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Leisure Suit Larry will live again in the land of the lounge lizards.
After a 30 day campaign, Replay Games has raised a total of $673,602 via Kickstarter crowdfunding, handily beating the company’s goal of $500,000. The pledged funding came from more than 14,079 fans and it will enable the company to fuel the development of its PC and tablet game without giving up any equity ownership. (The numbers are different from the figures on Kickstarter’s site because of additional PayPal donations).
As such, it is another example of a successful funding for a small game company at a time when alternative money is hard to get. (We’ll have a panel on how crowdfunding is changing game financing at our GamesBeat 2012 conference).
“I’m really stoked,” said Paul Trowe, founder of Replay. “Especially after one of the VCs turned us down because they didn’t want to be associated with Leisure Suit Larry. It’s such an honor. When you think you’ve seen every business model, and heard every story about publisher battles and ego fights, I’m floored, thankful, and grateful.”
The Replay crew got the idea for crowdfunding after watching the success of game veterans Tim Schafer and Brian Fargo in using Kickstarter to fund their separate games. The aim is to bring back the Leisure Suit Larry franchise that sold more than 10 million copies in the 1980s and 1990s.
The whole project is part of the retro trend to bring back beloved franchises to older games and win new fans as well. Al Lowe (pictured above) said in the company’s Kickstarter video that the team will update the graphics, the music, the user interface, and the humor.
“We’re bringing it into the 21st century onto PCs and tablets,” Lowe said. “And we want to do it without any pesky publishers telling us to dumb it down or make it tamer so we can get it into Walmart.”
In exchange for a $15 donation, users are getting a copy of the game. But if they donated more, they will get more personalized collectibles such as a link to a digital version of the original soundtrack, an art book, or even a role in the game’s development. For a pledge of $100, the donors will get a packaged mailing of the game and related assets, plus a Leisure Suit Larry brand condom (in its wrapper).
Trowe is now in the process of sending out more than 13,000 T-shirts to donors, and thousands of condoms as well. The high-end donors are getting a bunch of funny perks. One person donated $10,000 in exchange for a lunch with Lowe. Four people pledged $1,250 to get their faces into the game in a scene where they’re called “perverts.” One donor pledged $2,500 for the “doggie style” edition which includes the right to have the image of the donor’s pet dog put into the game. Two donors pledged $2,500 to have their likenesses put in the game as drunks.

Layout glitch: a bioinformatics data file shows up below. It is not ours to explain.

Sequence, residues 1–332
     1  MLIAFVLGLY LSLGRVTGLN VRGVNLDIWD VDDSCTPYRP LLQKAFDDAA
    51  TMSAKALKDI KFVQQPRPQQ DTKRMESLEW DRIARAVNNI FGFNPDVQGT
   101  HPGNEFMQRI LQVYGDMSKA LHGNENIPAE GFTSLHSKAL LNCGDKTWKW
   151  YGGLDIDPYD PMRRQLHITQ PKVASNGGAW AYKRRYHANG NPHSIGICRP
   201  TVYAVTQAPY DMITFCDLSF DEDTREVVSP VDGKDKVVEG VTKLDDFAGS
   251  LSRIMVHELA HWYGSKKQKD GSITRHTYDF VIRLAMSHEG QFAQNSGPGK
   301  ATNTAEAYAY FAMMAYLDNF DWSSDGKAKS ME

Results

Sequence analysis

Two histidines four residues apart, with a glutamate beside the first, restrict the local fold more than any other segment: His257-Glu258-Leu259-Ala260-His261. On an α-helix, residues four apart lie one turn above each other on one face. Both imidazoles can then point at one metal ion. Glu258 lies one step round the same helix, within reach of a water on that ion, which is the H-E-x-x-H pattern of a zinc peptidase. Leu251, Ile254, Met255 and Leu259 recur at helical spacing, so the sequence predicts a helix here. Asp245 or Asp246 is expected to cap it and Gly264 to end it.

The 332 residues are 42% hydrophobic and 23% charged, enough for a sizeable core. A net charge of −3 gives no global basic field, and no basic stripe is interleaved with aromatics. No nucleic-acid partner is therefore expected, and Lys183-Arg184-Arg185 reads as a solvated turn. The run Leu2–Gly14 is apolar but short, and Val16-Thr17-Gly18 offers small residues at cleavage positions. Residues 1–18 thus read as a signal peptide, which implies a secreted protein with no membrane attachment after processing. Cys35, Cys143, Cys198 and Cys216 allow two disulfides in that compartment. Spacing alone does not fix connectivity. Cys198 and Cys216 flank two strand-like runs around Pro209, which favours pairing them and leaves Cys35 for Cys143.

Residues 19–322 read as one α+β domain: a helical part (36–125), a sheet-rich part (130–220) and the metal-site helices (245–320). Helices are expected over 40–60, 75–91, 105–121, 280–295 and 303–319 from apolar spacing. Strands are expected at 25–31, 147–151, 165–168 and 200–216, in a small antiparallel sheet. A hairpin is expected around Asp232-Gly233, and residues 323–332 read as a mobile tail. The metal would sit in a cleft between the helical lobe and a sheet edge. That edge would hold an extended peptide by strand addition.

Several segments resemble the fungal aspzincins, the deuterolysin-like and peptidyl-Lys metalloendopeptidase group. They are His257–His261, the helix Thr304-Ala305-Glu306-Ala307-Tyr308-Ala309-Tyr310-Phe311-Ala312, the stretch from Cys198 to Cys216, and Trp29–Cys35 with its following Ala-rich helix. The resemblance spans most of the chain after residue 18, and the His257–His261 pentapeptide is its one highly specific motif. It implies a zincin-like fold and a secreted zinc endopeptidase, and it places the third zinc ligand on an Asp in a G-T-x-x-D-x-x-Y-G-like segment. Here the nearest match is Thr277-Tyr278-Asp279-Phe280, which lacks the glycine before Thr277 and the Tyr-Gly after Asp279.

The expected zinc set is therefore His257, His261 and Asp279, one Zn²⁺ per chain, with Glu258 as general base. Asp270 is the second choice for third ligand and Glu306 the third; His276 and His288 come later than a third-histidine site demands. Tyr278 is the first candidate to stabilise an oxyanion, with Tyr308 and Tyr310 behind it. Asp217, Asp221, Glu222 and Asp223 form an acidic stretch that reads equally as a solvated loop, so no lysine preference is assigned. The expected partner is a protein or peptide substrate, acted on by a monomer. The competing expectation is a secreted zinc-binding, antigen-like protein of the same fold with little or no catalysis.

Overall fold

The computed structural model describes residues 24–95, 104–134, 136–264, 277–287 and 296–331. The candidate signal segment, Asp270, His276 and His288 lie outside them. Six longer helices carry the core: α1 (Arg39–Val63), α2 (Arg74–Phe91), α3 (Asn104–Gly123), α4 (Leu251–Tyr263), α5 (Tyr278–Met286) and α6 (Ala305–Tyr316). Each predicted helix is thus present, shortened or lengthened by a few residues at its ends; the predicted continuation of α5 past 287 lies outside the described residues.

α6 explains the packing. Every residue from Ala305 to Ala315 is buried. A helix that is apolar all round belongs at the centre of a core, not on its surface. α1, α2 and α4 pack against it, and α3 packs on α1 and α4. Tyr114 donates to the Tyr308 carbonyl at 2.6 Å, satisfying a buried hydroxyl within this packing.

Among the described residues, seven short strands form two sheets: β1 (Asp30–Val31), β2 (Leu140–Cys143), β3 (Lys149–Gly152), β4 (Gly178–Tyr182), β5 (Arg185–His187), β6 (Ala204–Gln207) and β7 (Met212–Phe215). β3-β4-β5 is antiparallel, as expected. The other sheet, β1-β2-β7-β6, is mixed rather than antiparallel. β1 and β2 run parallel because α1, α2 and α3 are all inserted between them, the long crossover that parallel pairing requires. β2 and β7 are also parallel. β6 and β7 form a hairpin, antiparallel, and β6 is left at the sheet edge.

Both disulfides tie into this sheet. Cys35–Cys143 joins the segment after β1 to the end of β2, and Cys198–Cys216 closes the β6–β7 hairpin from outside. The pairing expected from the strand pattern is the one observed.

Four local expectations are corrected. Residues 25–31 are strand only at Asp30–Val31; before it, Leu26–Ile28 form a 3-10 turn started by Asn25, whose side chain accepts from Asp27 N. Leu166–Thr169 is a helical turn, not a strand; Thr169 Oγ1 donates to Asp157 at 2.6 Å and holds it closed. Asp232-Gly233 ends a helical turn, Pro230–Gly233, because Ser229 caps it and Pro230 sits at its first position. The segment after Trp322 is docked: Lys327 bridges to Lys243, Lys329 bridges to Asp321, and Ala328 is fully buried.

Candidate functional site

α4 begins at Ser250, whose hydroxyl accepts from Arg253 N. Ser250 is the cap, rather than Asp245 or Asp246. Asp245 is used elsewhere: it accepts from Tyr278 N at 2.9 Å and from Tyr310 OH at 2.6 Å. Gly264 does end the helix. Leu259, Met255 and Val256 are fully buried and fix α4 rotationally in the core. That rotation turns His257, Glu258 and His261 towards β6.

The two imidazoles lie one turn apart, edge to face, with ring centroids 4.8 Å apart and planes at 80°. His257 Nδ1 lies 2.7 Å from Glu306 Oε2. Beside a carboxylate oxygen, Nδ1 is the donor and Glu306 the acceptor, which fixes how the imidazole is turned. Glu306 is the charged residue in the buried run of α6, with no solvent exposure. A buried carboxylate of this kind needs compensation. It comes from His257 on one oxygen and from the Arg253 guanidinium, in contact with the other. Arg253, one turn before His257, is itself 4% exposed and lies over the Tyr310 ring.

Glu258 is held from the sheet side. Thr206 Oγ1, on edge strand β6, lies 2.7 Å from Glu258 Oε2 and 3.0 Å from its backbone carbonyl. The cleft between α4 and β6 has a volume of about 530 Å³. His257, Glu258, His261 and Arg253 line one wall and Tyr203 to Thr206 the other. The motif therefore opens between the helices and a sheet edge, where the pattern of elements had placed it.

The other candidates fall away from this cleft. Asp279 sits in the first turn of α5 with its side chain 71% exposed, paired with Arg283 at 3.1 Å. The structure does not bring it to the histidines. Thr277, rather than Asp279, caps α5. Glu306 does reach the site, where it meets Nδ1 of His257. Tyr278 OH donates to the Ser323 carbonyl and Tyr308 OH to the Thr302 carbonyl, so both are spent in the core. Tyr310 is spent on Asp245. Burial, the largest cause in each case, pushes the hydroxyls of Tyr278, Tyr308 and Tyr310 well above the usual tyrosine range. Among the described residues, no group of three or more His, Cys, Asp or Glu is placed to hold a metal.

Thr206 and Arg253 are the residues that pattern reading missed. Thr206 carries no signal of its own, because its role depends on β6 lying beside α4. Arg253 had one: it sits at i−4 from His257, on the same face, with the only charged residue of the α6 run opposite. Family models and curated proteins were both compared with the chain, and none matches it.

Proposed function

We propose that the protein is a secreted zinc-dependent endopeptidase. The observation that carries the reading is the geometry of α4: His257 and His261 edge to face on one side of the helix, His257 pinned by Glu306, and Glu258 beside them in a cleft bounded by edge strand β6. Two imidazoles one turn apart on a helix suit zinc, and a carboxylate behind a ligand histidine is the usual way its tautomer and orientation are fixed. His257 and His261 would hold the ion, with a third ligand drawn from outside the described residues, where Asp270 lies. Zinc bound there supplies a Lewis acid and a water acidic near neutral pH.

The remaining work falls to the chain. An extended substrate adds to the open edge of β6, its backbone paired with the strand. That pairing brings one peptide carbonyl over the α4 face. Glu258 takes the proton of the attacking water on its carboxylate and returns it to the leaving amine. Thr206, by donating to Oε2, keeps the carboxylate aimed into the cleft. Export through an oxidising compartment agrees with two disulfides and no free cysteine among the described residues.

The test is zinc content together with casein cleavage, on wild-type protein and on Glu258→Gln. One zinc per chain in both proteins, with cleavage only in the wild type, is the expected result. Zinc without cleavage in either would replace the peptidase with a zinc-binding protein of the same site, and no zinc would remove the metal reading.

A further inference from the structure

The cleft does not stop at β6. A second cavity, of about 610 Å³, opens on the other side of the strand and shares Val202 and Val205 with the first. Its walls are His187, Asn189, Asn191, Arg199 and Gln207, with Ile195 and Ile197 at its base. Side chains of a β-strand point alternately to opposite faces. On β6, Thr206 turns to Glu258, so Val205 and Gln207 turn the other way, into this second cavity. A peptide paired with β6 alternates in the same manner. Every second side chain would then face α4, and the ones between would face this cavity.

Lowe created the original adventure game, Leisure Suit Larry in the Land of the Lounge Lizards, in 1987. He said the original Leisure Suit Larry was one of the most pirated games in history at the time and he knew that because he sold a lot more hint books than actual games at the time.
“If we were smart, we would have just printed the hint books and stopped making the games altogether,” he said.
Five more Larry games and other auxiliary titles followed. The last Leisure Suit Larry game that Lowe worked on was Love for Sale, released in 1996. But Lowe said he still gets fan mail about the original series.
The Larry franchise was most recently owned by Vivendi Universal, which acquired Sierra (via acquisitions of parent firms) years ago and then sold it to Codemasters, which published a title called Leisure Suit Larry: Box Office Bust, in 2009. That game was done without consultation with Lowe and didn’t sell well. Critics hated it, with GameTrailers.com giving it a 2.3 out of 10 rating.
The new game got its life after Trowe bootstrapped his Austin, Texas-based company in 2008 to focus on the digital distribution of games. Trowe was the first teenage beta tester at Sierra On-Line, the now-defunct publisher of the original series.
In 2010, he picked up the rights to Leisure Suit Larry, essentially grabbing it back from the “clutches of corporate America,” he said. Then he got Lowe to agree to recreate a new game, Leisure Suit Larry in the Land of the Lounge Lizards: Reloaded. The actual developer will be Adventure Mob, a Tel Aviv-based game studio that will use the Unity Technologies game engine for cross-platform game creation.
Trowe said that he got very little sleep in the last month because he had to respond to fan comments around the clock. One volunteered to set up a forum for the fans and now that volunteer will become a full-time employee.
“I learned so much about community management,” Trowe said. “If we didn’t listen to our fans, we wouldn’t be in this position” of having so many donors.
The game was targeted for October, but Trowe thinks that the added tasks will now push the game toward January, 2013 launch.
“At the demand of fans, we have to add a new girlfriend, two extra rooms and all new dialogue,” Trowe said. “It’s going to be a lot more than a remake.”
The new title will run on the Unity 3D engine and will have beefed up graphics. The game will be published in six languages. Trowe said that the successful campaign told him that the audience for the title should be very good.
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